UnaLinea is a state-of-the-art model that simulates the evolution of the plan shape of a beach. The beach plan shape is determined by the position of a single contour, therefore making UnaLinea a "one-line model". UnaLinea uses a formulation of total longshore transport rate based on the widely used CERC formula. The model changes the coastline every time step, allowing for the correct simulation of the changing drift rates with time.
A typical application of this model would be to study the impact that different interventions to the fluvial load will have in the adjacent coast in a medium to long term time.
The accompanying user manual provides a guide on how to use the model itself.
The predecessor tool had been derived by HR Wallingford as part of the FRMRC2 project, as a simplified, regional-scale one-line model of wave-driven beach plan-shape evolution, implemented in Fortran as a finite difference solution of the continuity equation for sediment (Stripling et al, 2011). The model assumes an average beach slope and does not consider short term changes in the beach profile. Offshore wave conditions are transformed into the position of breaking at each point along the beach. These breaking wave conditions are used to calculate the longshore drift at each of these points. The cross-shore change in position of the specified contour is calculated from longshore gradients in the wave induced longshore transport rate (see Figure 1).
Figure 1. Schematisation of the grid in UnaLinea
Due to the fact that the profile remains unchanged, the shoreline position moves forward or backward, according to the longshore drift gradients, translating the profile, as shown in Figure 2.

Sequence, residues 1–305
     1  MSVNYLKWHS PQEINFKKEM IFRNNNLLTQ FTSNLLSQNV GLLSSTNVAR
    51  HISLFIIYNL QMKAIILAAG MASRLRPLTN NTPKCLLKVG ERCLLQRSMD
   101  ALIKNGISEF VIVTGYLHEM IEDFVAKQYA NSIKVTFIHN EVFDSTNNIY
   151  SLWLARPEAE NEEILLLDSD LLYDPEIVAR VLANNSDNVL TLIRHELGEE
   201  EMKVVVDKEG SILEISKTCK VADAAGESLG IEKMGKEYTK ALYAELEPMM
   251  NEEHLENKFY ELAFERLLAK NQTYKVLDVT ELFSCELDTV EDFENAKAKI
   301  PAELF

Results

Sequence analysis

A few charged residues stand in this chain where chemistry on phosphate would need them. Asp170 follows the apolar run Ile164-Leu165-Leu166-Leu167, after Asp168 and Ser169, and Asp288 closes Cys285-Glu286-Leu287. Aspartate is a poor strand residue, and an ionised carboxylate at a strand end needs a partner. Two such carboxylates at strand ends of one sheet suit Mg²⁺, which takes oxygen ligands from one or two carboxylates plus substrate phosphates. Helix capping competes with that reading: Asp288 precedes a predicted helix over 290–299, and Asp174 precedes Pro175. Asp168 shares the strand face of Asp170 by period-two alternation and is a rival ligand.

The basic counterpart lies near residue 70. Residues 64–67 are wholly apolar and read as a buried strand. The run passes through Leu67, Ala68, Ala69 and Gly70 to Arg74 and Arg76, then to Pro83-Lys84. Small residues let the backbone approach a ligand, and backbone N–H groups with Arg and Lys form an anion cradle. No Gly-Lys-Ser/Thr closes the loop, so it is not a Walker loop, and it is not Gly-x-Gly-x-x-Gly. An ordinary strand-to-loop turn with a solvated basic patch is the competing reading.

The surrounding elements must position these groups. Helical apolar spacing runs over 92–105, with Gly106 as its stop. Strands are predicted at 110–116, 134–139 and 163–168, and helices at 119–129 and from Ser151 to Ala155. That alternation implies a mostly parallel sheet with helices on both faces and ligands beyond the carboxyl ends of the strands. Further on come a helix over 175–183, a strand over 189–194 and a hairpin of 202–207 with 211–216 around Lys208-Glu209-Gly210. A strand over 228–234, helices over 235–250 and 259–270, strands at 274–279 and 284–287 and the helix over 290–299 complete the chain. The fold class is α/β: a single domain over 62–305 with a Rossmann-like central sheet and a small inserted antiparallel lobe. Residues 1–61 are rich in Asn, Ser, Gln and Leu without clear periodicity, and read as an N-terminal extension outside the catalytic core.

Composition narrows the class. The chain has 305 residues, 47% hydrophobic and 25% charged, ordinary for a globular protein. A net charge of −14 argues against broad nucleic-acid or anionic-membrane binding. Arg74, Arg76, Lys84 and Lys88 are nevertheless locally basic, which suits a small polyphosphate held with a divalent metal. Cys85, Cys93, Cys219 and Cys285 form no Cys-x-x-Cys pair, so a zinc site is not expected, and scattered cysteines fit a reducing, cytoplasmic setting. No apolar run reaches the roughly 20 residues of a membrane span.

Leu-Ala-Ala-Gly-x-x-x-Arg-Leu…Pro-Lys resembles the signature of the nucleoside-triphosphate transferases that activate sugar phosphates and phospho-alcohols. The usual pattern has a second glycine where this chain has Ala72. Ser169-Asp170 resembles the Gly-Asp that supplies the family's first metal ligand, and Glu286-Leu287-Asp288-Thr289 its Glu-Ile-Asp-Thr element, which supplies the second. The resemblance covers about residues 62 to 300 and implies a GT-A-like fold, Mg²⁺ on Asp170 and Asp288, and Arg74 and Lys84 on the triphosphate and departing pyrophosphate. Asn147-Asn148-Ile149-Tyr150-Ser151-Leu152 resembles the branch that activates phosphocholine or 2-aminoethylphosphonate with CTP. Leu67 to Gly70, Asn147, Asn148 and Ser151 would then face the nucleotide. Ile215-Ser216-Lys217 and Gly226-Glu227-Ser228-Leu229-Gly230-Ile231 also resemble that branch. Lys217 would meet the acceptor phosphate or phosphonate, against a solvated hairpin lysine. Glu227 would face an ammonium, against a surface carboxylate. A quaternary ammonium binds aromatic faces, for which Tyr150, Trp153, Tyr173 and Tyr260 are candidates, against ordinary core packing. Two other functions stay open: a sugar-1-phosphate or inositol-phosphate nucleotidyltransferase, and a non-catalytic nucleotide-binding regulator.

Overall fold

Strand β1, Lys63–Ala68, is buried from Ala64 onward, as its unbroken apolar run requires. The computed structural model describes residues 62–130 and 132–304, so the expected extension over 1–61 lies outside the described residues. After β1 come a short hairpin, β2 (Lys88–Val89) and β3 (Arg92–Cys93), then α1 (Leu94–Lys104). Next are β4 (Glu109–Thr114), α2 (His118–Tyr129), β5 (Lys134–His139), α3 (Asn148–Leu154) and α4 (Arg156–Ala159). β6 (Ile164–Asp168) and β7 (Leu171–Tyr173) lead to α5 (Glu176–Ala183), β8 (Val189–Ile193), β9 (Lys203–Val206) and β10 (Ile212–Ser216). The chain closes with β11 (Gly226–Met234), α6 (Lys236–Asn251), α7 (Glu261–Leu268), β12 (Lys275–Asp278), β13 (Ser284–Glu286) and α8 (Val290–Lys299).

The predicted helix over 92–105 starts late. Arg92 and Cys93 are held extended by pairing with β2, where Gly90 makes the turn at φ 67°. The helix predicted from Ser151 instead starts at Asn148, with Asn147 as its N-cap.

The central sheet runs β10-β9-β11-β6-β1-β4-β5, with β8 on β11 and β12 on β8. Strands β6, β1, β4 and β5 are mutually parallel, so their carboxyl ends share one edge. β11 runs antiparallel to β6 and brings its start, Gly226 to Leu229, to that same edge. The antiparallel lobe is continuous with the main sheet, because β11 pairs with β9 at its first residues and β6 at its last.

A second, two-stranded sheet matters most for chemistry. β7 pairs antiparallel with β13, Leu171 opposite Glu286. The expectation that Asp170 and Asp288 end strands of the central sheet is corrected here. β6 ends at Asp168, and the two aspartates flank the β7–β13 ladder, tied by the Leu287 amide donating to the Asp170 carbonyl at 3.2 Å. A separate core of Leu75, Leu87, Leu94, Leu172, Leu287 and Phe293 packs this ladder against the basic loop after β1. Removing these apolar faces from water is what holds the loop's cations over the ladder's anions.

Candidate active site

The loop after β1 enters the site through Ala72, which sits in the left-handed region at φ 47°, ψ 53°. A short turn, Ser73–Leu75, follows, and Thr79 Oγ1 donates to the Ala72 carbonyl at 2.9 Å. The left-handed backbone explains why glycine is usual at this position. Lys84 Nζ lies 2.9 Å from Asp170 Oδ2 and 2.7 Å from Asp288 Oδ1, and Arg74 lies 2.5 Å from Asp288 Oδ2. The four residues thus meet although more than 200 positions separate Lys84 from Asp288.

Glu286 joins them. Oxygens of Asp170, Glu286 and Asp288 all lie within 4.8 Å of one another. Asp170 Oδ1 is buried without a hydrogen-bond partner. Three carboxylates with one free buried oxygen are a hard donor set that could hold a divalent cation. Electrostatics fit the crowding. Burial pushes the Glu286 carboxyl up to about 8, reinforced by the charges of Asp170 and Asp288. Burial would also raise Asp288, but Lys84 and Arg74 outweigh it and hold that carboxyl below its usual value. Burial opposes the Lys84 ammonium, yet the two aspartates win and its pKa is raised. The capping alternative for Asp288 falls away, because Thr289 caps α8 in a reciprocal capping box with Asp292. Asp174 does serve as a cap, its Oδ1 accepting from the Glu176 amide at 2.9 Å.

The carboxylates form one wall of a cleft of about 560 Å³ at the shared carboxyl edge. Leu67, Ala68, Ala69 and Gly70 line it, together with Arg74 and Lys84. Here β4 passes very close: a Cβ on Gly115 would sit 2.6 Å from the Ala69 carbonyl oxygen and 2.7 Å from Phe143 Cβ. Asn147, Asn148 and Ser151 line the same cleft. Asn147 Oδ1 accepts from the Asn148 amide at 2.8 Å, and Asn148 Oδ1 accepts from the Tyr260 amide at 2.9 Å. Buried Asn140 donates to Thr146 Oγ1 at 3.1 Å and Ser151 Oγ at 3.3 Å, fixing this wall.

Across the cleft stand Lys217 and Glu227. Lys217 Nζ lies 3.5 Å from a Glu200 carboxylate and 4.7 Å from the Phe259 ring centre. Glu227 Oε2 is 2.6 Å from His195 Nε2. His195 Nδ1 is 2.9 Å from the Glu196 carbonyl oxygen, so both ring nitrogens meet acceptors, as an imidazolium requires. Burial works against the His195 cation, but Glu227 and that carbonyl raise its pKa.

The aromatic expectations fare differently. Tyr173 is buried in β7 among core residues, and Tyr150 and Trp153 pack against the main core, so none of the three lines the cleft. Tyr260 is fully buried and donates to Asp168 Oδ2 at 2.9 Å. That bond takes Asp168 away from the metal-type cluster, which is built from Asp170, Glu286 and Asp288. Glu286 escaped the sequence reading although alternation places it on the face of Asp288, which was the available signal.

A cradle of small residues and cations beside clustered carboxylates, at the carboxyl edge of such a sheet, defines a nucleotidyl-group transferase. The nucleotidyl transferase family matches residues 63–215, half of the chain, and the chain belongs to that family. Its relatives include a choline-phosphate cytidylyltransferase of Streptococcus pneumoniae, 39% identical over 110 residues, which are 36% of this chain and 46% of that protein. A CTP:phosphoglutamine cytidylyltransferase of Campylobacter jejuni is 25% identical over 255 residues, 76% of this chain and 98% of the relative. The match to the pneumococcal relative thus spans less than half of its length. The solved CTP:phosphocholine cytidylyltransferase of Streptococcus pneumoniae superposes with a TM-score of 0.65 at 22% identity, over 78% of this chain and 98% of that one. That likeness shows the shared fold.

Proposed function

The effects of engineering structures and active beach management techniques, such as beach nourishment or losses to offshore, may be included in the model, as may a simple representation of cliff erosion (Stripling and Panzeri 2009, Stripling et al, 2011).
Figure 2. Profile schematisation in UnaLinea and symbolic erosion and accretion
UnaLinea models the following processes:
- Wave transformation:
- Fluvial interaction:
- sediment input from rivers
- sediment losses offshore
- Sediment transport:
- CERC formula
- Damgaard and Soulsby (1997) formula
- Active beach management techniques:
- beach renourishment
- beach mining
The beach plan shape is specified by the position of a single contour, usually either Mean Water Level or a particular high tide level. The model assumes an average beach slope and does not consider short term changes in the beach profile. Offshore wave conditions are refracted into the position of breaking at each point along the beach. These breaking wave conditions are used to calculate the longshore drift at each of these points. The change in position of the specified contour is calculated from differences in the wave induced longshore transport.
In the presence of groynes, the sediment transport is considered zero at the groyne position, acting as an impermeable barrier.
The UnaLinea model has been designed as a first-stage tool in understanding the behaviour of a coast and the impact of engineering works upon it. Its relative simplicity and ease of use allow the model to be used by non-specialist engineers with a minimum of data, as well as allowing more detailed investigations by more experienced users.
For iCOASST the model was made OpenMI compatible.
Application of Unalinea Model to iCOASST pilot sites and lessons learnt
UnaLinea has been applied to the Liverpool pilot site in two instances, one for the Blackpool frontage and another one for the Formby frontage, with the Ribble estuary in the middle of both being represented in ASMITA. The composition is described in detail here
Evaluation for end-users
As part of the Environment Agency project "Embedding iCOASST into practice", HR Wallingford have undertaken an independent evaluation of the usability of the iCOASST models. Each of the models have been downloaded from this website, compiled and run using (i) the documentation and (ii) the site-specific data sets on which they have been developed (also provided on this website). The outcome of this evaluation for this model can be found here and should be referenced by anyone interested in using or developing the model further.